Education for the Future Workplace: How to Help Young People Navigate the 21st Century

Mike Piercy, Headmaster at The New Beacon School for boys in Sevenoaks, on how to help young people navigate the 21st century and prepare for the future workplace 

“Eighty-five per cent of jobs in 2030 have not yet been invented.”

Two Google clicks and you will find this ‘statistic’ is questionable, theoretical, and has little to do with empirical research. The principle is not without merit, however, for it is thought-provoking.

Those of us who are parents or education professionals (in whatever capacity) already worry about the world into which our children are growing and speculate about their future: education, qualifications, careers, stability, confidence, wellbeing, happiness.

What should we be teaching in schools or, perhaps more germane, ‘how’ should we be teaching – what is the ethos and culture of a school?

The World Economic Forum (proper research!) tells us that education for the future workplace must focus less on knowledge but more on the application of knowledge, decision-making (through learning by experience), problem-solving, adaptability, communication skills and empathy.

At The New Beacon School in Sevenoaks, a boys’ school, we encounter a 21st century emotional test almost daily. Children worry about peer pressure, friendships, isolation, clearing hurdles to get to the next stage of education, exams, and, of course, failure.

Every Head can regale you with stories of online misbehaviour – normally by pupils. Social media has brought us closer in many ways with the immediacy of communication.

It has also torn us apart with faceless, ostensibly anonymous, spontaneous messaging. How many of our children have been upset when ‘aired’ or ‘ghosted’?

The WEF tells us that in 2021 it is likely there will be more people in the world with a mobile phone than those who have access to clean water – a disturbing prospect.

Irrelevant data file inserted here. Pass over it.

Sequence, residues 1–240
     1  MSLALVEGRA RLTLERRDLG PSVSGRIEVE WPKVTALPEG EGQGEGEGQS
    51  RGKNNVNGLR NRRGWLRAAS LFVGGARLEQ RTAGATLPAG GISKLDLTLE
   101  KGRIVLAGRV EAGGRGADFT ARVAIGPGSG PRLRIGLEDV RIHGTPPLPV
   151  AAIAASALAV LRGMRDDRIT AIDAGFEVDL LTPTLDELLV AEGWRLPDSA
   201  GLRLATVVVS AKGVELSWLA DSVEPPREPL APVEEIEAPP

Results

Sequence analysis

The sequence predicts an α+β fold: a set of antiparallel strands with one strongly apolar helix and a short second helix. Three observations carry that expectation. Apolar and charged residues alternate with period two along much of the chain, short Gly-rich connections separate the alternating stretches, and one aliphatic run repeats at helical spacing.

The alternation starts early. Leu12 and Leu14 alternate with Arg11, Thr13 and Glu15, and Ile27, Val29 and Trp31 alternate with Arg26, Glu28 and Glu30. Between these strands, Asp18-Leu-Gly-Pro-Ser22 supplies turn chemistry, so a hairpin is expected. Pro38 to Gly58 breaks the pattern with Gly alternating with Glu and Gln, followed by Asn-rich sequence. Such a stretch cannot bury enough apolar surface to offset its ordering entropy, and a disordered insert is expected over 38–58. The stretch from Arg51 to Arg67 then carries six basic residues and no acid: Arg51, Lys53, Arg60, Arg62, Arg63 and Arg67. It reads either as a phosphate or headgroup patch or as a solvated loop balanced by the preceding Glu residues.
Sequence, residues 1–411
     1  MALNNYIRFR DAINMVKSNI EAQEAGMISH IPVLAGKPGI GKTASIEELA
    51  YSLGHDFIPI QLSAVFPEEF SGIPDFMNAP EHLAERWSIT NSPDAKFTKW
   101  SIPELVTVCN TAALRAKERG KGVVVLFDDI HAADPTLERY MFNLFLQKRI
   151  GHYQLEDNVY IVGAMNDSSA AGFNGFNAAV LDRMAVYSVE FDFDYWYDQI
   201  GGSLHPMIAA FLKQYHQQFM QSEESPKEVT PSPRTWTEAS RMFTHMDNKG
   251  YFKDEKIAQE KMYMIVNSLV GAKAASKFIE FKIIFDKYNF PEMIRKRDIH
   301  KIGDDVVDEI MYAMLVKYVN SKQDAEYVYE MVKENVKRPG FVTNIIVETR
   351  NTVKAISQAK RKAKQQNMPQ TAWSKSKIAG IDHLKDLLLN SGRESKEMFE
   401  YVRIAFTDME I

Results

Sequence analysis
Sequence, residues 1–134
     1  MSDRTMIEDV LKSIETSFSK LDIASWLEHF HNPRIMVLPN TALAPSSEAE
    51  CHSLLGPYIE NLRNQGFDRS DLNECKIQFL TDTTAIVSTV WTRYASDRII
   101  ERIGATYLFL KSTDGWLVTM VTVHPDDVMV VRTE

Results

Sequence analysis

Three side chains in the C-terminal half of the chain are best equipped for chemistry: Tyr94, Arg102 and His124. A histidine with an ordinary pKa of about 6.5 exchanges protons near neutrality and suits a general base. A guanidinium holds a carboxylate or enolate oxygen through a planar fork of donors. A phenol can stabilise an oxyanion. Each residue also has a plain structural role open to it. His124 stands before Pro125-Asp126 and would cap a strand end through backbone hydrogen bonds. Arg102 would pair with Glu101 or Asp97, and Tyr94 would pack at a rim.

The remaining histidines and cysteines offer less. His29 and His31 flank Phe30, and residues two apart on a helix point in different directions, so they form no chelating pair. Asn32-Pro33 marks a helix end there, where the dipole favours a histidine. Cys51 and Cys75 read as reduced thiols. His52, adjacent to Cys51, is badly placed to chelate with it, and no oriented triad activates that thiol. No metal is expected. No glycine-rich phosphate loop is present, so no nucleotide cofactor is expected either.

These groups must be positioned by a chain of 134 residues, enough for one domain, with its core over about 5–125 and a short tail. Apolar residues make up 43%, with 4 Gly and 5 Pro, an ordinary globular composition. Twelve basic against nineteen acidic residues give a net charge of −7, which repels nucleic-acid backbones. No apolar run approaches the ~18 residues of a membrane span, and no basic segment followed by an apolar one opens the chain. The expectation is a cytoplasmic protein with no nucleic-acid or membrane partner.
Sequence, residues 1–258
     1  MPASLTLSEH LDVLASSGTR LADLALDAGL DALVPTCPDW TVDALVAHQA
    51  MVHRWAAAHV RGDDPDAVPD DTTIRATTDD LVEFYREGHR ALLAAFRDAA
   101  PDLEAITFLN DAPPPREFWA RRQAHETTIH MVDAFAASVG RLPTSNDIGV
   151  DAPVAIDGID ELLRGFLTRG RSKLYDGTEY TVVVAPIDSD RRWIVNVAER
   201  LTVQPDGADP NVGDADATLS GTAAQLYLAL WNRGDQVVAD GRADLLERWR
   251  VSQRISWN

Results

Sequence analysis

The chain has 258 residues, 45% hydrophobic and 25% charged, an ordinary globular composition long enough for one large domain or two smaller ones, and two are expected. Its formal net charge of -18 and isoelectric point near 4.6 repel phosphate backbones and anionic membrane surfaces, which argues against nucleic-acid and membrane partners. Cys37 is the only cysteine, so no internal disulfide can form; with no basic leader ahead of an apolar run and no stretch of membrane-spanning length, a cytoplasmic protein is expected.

In response to these challenges we decided to make a bold statement by bringing together internationally regarded experts, therapists and trainers in childhood and adolescent mental health for a two day conference on 17 and 18 September 2020.

“Whichever sector of education, we all share the same goal: helping young people to build solid emotional foundations for life and learning”

Pooky Knightsmith speaks of ACE Scores (Adverse Childhood Experiences) – things which can affect us in later life. Recognising stimuli can help navigate the course to strength and recovery from trauma – or, more simply, facing life’s challenges.

Dick Moore, representing the Charlie Waller Memorial Trust, tells his audiences that resilience can be taught.

Richard Burnett of Tonbridge School, founder of the Mindfulness in Schools Project, will highlight self-awareness – the potential to rationalise when faced with challenge. Plus, Mind will be conducting a one day Mental Health First Aid course.

Thanks to Sevenoaks School, which has collaborated with Knole Academy in creating the Sevenoaks Partnership, and with their financial support, we are able to reach out to all schools in the Sevenoaks area.

A member of staff from each of the 30 member schools will be funded to take the Drawing and Talking Foundation Course – one element of the conference programme.

Over two million young people have benefited from this training for education professionals aiming to support young people, ‘who are not reaching their full potential socially or academically’.

Whichever sector of education, we all share the same goal: helping young people to build solid emotional foundations for life and learning.

To return to school ethos, there are those who suggest that good teaching is a greater contributor to academic success than class size. I beg to differ. Good teaching must be a given but small class size brings greater individual attention – one of the keys to unlocking personal development.

Knowing the individual, his/her character, fragilities and strengths, building confidence and resilience, must lie at the core of education.

For further information and to book, see newbeacon.org.uk

The New Beacon Brittains Lane, Sevenoaks, Kent TN13 2PB; 01732 452131